In fact, the press recognized the lack of unity. They distinguished between three different factions among the artists, a circle around Degas, one around Pissarro, and one circle of core artists which we labeled the Gleyre circle (after the atelier in which they met). These factions had somewhat different artistic styles, but more importantly different aims, so an analysis of these factions is a practical way to study their divergent individual aims. Pissarro was the most radical among them and was interested in the break with the Salon which is frequently associated with all the ‘Impressionists’. His goals were progressive artistically, and he was most critical of the existing conventions and institutions. He found a potential ally in Degas since he was also interested in setting up an alternative exhibition and possibly organization. But Degas was unwilling to give up respectability and did everything in his power to prevent the alternative exhibitions from becoming too experimental or avant-garde. In the back of his mind was the fate of the Salon des Refusés, the ill-fated attempt to break with the Salon from an earlier generation of artists in 1863. Therefore, he brought artists like his friend Jean-François Raffaelli on board, who had built a solid reputation within the establishment. Degas loved independence, but sought it for economic and organizational reasons, not artistic ones.

The artists of the Gleyre circle like Monet, Auguste Renoir, and Alfred Sisley liked the space and economic opportunities that the alternative exhibitions offered, but they had no interest whatsoever in a collective brand. They felt that they were better off developing their individual brands instead. So, they strategically used the alternative organizations for their own purposes. The result of these divergent interests and aims was that no one seriously invested in the development of this collective brand, except for Gustave Caillebotte. The art dealer Paul Durand-Ruel also undertook one serious attempt to bring a smaller core group of artists together at the exhibition of 1882. But there was no follow-up the next year, and at the next exhibition, four years later, the group of artists had again changed significantly and Durand-Ruel was no longer in the lead.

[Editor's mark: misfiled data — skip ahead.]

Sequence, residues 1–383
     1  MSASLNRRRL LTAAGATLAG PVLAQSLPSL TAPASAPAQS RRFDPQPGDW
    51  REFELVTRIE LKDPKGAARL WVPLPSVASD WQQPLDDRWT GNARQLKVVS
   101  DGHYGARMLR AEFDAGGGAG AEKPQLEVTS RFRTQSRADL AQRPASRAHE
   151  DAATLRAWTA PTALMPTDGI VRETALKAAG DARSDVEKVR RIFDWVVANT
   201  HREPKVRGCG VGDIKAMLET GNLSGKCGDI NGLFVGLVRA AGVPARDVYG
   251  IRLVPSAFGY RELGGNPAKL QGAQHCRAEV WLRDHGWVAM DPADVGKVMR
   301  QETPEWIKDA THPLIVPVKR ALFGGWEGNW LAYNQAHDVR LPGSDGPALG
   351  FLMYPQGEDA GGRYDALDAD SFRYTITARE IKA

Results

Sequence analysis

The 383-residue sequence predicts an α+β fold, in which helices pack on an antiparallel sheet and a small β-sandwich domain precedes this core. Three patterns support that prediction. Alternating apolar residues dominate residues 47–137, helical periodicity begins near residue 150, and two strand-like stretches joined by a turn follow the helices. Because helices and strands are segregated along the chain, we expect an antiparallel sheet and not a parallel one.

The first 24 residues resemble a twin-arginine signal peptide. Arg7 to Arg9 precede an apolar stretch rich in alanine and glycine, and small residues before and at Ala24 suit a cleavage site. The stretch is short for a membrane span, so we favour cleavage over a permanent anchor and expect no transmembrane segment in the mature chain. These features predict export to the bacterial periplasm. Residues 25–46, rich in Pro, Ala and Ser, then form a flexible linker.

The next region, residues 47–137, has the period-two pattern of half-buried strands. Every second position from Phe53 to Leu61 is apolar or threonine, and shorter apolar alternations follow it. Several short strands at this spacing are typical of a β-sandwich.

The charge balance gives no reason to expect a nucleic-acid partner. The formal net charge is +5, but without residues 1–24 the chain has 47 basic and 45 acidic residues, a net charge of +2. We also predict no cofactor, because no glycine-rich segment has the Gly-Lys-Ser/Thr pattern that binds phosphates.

The economic theory of collective action provides a straightforward explanation for this failure to coordinate. The individuals interests of established artists and up-starts, radicals and relatively conventional ones, diverged. Therefore, it was hard, if not impossible, to reach an on a collective identity or goal. There was, however, sufficient overlap in interests, to organize alternative exhibitions. The shows organized outside the official channels offered a lot more space since the Salon typically only displayed one or two works by an artist, while the average at the alternative shows was around 15 works per artist. They also provided an avenue for those who worked outside the established artistic conventions. It was this organizational form which also made immediate uptake in Paris, where more and more exhibitions were organized outside the state-sponsored Academy and Salon.

The question that remains is when the label of Impressionism did become so prominent. The existing literature points to a few events of significance. Durand-Ruel marketed them as such abroad, and the aforementioned Caillebotte, organizer of the 1877 exhibition with the Impressionist label, collected about sixty paintings and stipulated in his will that they would be donated together to the French state (which, however, only partially accepted his donation).
We hope to investigate further when exactly the Impressionist label became so omni-present. But one finding we already present in the paper is that only 7% of the exhibitions between 1900 and 1974 mentioned in the catalogues raissonné of the artists who exhibited at the alternative exhibitions used this label in the exhibition’s titles. This is suggestive of the fact that the pre-eminence of the label might be of quite recent origin, and more associated with developments in arts markets in the past fifty years or so, than with the efforts of artists or early dealers. The label Impressionism was around all this time, and some of the artists and early dealers toyed around with it, but none of them felt it worth investing much in the label, often worried that it might overshadow their individual reputation. Which brings up one further question, why did subsequent movements, like the Futurists, establish collective identities? We don’t know yet, but our paper suggests that economic circumstances were probably an important factor.


About this article
De Strooper, L., Dekker, E. Why the Impressionists did not create Impressionism. J Cult Econ (2023).

About the authors of the blog
Erwin Dekker, Senior Research Fellow at the Mercatus Center at George Mason University
Liesbeth De Strooper, Lecturer at Erasmus University Rotterdam, The Netherlands

About the image
Frédéric Bazille, Public domain, via Wikimedia Commons